December 1, 2008

You can read it here:

How to be Realistic

October 15, 2008

just want to share a reflection by Pope on the Word of God, wonderful. Since my background is engineering/science, there is always a tendency to see reality as what I can see and touch, something visible and tangible. Is this not we all experience? the Pope has something to say for our world today ­čÖé He invited us to build our lives not on sand (you will be surprised with what he says when he refer to building on sand), but build our lives on solid ROCK, which is the Word of God. This is what he said to be “realist”ic. Enjoy


Dear Brothers in the Episcopacy,
Dear Brothers and Sisters,

At the beginning of our Synod the Liturgy of the Hours proposes a passage from Psalm 18 on the Word of God: praise for His Word, expression of the joy of Israel in learning it and, in it, to learn about His will and His face. I would like to meditate on a few verses of this Psalm with you.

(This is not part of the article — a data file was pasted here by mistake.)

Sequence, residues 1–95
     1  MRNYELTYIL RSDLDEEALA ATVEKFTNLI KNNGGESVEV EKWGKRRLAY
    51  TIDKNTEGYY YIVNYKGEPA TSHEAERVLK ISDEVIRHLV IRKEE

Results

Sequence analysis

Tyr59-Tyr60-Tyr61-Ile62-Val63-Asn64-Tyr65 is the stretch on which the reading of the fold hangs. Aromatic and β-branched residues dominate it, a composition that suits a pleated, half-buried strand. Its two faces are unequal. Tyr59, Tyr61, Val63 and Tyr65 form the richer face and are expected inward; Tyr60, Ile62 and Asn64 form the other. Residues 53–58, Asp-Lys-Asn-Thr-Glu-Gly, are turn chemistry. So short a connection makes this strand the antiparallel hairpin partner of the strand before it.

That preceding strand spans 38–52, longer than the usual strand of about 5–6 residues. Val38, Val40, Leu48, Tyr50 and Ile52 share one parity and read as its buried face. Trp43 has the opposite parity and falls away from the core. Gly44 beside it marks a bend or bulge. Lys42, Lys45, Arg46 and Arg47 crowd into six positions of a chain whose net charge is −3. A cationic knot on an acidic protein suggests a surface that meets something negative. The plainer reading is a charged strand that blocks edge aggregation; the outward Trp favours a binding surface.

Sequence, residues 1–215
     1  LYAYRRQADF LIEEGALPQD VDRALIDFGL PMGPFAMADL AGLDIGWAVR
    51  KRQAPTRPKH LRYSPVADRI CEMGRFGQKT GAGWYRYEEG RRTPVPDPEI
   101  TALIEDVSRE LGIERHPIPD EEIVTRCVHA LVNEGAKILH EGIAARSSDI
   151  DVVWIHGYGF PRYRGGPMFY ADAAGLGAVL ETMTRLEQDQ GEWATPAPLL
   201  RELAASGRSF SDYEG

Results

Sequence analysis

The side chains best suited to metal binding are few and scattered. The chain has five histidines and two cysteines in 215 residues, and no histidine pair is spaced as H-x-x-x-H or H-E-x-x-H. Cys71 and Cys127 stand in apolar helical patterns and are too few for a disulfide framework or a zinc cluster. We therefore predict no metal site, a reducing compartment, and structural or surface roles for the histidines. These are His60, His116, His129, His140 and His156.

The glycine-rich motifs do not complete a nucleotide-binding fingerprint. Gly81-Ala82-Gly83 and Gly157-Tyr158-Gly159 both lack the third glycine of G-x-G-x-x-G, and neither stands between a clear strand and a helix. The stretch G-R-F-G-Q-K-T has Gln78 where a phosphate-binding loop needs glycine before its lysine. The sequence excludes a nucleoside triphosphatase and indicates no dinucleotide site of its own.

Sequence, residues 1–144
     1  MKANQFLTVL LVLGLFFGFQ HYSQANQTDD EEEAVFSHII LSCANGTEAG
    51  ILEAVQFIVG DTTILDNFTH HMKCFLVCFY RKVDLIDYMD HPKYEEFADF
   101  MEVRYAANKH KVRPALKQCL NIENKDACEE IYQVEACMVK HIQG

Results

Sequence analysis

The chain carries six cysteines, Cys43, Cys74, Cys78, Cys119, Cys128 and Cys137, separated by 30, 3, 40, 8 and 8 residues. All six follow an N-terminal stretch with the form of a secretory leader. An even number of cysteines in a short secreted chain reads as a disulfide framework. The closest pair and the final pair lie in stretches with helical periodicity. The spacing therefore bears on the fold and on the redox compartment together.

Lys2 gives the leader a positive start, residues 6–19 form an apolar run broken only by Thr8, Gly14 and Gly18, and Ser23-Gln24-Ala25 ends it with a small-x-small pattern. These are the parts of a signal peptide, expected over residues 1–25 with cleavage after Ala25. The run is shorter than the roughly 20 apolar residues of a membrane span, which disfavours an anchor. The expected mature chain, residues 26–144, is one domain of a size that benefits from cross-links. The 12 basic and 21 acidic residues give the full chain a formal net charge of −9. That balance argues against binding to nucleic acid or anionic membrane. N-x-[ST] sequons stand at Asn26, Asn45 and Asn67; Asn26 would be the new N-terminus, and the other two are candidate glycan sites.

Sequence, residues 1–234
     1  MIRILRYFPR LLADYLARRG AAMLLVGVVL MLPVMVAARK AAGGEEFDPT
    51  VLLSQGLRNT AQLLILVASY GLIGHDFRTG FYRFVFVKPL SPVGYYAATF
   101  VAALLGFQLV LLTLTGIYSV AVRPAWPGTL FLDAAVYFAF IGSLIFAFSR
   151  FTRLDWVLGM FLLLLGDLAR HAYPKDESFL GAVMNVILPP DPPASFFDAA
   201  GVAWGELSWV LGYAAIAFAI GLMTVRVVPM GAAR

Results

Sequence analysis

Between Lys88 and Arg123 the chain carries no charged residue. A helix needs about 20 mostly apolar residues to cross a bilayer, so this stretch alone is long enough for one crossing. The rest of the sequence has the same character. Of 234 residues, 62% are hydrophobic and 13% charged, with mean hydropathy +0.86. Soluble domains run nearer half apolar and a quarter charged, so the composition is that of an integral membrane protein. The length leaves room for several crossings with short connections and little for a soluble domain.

It begins like this: “In aeternum, Domine, verbum tuum constitutum est in caelo… firmasti terram, et permanet”. This refers to the solidity of the Word. It is solid, it is the true reality on which we must base our life. Let us remember the words of Jesus who continues the words of this Psalm: “Sky and earth will pass away, but my words will never pass away”. Humanly speaking, the word, my human word, is almost nothing in reality, but a breath. As soon as it is pronounced, it disappears. It seems like nothing. But already the human word has incredible force. It is words that create history, it is words that form thoughts, the thoughts that create the word. It is the word that forms history, reality.